I’ve been thinking a lot about historical fiction, because I’ve recently read two books set in 2003.
I said before (though I’m not sure if I explained it well) that the intentional dated-ness is one of the things that really worked for me in SUNRISE OVER FALLUJAH: we know, if not “the end” to that story, more than the characters do. Walter Dean Myers doesn’t have to show us Birdie learning that there are no WMDs, because we know; it makes his belief more poignant.
(And actually, this makes me think that a very powerful story could be written that goes farther in this direction, and doesn’t have the characters experience the kind of disillusionment that Birdie does undergo in that story. This would really exploit the asymmetry of knowledge between the characters and the readers. Anyone have a good example of a story like this — doesn’t have to be about Iraq?)
More recently (by which I mean yesterday), I read Peter Cameron’s SOMEDAY THIS PAIN WILL BE USEFUL TO YOU. Emily and I have talked a few times about books set in New York, about which we’re bound to have strong opinions one way or the other; this one rang true to me. Partly that’s because, while it’s set in a far wealthier slice of New York than I usually intersect with (and an eminently parodiable one at that), it just happened to hit the details of my own haunts. This passage made me sit up and cheer:
I wouldn’t become part of the evil empire that is NYU if you paid me. (NYU has single-handedly ruined most of the Village, including the dog run in Washington Square: they built this huge building that casts its shadow over the park, so that areas of the dog run are perpetually in shade.)
I went to NYU, and hated it (great profs; lousy place), and they have ruined big chunks of my neighborhood, and they are an evil empire. Sing it, Cameron.
But besides my own personal joy at seeing my enmity printed in bestselling book form, what I think worked about Cameron’s portrayal of New York was its specificity. When he described the protagonist’s feelings about a specific intersection I’ve walked by hundreds of times (LaGuardia and Houston), I couldn’t remember the details he described from my own wanderings, and I lacked the same associations this character had, but I got it. Not just because the narration was describing the city, but because the way this character described the city made me understand who he was. His character was bound up in it being precisely downtown New York in 2003, and vice-versa. That’s why it felt like New York, not like name-dropping New York.
I can’t get behind this mode of storytelling — this retelling of our own recent past — unreservedly: I saw, for example, that David Levithan’s new book is set on and after 9/11, and I cringed. I’ve had enough of that, thank you.
But in general, I’m intrigued by setting YA books so distinctly in a time we’ve just been through. Compare it to, say, Sarah Dessen’s studied timelessness: her characters are barely digital (keep in mind, I haven’t read her two most recent). I feel like a lot of YA authors are living out their own adolescences in their books, or some warp of their adolescence with their lives now. But contemporary teenagers’ lives aren’t necessarily the intersection of universal teenage angst plus, say, cell phones the way a thirty-something author might use them.* Like, how does it change teenage dating that everyone has a cell? I was extraordinarily privileged to have my own phone line in high school, and let me tell you, my high school dating life was different because of it.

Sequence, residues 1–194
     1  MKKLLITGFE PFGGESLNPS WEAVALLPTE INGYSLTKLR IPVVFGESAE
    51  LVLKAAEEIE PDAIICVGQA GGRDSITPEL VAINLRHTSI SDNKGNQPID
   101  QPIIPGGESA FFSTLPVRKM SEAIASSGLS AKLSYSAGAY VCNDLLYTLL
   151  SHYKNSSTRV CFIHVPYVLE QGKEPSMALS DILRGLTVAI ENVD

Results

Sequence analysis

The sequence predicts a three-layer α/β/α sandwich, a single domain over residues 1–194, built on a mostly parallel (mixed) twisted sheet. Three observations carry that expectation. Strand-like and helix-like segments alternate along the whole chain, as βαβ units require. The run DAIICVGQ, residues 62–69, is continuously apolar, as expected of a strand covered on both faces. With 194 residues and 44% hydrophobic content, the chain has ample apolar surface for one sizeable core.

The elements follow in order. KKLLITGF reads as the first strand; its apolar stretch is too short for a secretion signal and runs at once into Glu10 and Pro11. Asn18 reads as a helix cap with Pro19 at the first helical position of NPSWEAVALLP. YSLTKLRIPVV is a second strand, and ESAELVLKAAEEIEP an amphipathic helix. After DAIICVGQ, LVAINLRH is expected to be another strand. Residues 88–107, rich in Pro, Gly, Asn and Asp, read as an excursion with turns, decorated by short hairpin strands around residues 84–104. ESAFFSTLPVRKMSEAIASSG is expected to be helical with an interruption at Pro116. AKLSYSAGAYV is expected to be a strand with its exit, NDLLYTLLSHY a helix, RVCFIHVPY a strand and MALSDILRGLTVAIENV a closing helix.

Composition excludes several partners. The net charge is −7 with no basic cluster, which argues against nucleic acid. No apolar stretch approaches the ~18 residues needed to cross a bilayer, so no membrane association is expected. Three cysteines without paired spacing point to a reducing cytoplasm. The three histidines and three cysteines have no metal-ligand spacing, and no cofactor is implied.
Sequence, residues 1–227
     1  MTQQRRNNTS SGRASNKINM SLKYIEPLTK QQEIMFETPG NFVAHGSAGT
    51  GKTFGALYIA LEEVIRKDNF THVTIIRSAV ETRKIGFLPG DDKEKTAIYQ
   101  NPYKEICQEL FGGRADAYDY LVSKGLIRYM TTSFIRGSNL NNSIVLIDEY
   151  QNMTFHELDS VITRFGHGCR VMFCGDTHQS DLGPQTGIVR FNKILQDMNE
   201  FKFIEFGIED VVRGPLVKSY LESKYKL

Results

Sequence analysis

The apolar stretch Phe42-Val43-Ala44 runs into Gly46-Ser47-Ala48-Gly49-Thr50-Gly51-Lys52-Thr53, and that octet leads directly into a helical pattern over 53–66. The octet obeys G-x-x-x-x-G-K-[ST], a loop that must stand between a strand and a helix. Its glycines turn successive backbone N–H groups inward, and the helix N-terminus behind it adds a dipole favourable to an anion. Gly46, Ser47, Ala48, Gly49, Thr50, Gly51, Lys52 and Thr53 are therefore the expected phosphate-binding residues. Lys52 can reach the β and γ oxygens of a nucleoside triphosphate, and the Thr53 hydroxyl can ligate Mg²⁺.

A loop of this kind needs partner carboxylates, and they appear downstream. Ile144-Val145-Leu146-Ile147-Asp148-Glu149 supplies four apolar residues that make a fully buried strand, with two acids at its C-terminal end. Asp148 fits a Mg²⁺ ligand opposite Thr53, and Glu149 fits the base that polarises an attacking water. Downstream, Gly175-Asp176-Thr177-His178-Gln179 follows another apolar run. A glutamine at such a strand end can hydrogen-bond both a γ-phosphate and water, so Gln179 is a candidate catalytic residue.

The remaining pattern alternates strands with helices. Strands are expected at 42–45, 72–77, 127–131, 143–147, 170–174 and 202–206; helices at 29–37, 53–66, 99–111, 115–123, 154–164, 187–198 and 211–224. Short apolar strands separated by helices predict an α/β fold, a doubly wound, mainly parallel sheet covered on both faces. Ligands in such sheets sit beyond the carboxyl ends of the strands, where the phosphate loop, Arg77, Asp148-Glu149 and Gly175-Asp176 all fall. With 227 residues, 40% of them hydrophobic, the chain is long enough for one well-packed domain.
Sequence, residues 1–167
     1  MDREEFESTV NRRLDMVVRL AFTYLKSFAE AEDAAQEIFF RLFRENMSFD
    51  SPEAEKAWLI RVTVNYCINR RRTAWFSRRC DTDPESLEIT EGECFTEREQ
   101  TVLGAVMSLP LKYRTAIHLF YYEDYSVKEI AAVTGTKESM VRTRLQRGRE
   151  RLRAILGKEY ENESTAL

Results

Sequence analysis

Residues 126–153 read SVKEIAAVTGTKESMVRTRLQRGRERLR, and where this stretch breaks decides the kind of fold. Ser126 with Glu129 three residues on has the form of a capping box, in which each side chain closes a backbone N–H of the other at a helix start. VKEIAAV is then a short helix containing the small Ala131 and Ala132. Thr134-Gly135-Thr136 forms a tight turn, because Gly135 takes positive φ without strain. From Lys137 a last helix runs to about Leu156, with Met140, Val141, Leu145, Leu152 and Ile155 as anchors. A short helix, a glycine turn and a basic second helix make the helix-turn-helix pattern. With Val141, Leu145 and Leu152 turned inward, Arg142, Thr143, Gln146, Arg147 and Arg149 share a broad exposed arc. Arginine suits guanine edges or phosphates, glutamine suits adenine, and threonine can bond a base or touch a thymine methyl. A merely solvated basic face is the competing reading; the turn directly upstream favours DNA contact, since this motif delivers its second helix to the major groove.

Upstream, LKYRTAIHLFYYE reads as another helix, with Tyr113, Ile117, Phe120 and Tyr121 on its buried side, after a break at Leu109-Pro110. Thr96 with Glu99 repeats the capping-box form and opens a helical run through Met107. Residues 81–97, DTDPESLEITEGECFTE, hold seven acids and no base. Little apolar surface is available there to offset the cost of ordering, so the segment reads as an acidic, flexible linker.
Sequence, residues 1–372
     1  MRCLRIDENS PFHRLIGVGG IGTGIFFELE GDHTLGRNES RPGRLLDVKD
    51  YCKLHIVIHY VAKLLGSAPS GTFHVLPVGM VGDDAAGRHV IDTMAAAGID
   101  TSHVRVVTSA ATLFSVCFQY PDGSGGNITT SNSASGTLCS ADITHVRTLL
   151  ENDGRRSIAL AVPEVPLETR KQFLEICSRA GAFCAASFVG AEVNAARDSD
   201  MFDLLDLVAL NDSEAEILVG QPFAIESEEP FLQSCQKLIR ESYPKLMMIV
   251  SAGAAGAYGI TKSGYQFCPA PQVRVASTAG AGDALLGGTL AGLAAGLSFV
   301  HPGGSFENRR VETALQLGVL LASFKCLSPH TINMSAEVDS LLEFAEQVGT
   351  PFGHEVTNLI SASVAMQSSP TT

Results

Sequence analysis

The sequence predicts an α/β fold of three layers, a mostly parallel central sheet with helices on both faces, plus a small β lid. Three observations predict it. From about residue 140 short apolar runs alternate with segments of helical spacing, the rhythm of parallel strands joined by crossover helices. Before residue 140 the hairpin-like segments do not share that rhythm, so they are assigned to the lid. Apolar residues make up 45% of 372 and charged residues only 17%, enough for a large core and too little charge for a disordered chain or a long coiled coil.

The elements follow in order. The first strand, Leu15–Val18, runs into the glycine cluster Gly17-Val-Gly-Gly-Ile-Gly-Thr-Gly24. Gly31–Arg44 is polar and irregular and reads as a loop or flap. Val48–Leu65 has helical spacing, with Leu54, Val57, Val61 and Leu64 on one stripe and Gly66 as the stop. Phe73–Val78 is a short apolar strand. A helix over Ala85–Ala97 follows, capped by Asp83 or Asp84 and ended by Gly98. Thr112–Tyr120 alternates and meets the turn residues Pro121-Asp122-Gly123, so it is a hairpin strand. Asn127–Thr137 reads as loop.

My point is, there’s something else being portrayed in books like Dessen’s, that’s sold like it’s some universal adolescence, but it isn’t (and I’m sorry to always use Dessen as my punching bag, because I love her books, but they are also to me the best representatives of a category of book I can’t quite wrap my head around, or understand why I enjoy so deeply). The “timelessness” is really an experience that never quite existed for anyone: it’s, perhaps, what teenagers living in the ’80s would’ve been like in an altered reality that made pop culture more like today’s (or more cynically — especially since many of the lead characters and love interests in these books are more emotionally mature than half the adults I know — it’s what Gen X women, not just the YA authors but the growing number of adult women YA readers like me, project backwards to reimagine adolescence). And I wonder if the girls who are attracted to Dessen’s books are exactly the girls who are most inclined to try to fit their lives into some idea of what universal girlhood looks like, if that’s part of their appeal.
I’m not getting anywhere thinking more about this… opinions?
* And because I am, to my great surprise, an aspiring demographer, I will tell you that this phenomenon — where the experience of being a particular age at a particular time is something much more specific than just the effects of the age (universalized to any time) plus the effects of the time (for people of any age) — is called a cohort effect. UnderageReading: puzzle over book, name-drop tv show from fifteen years hence, snark, define jargon, call it a day.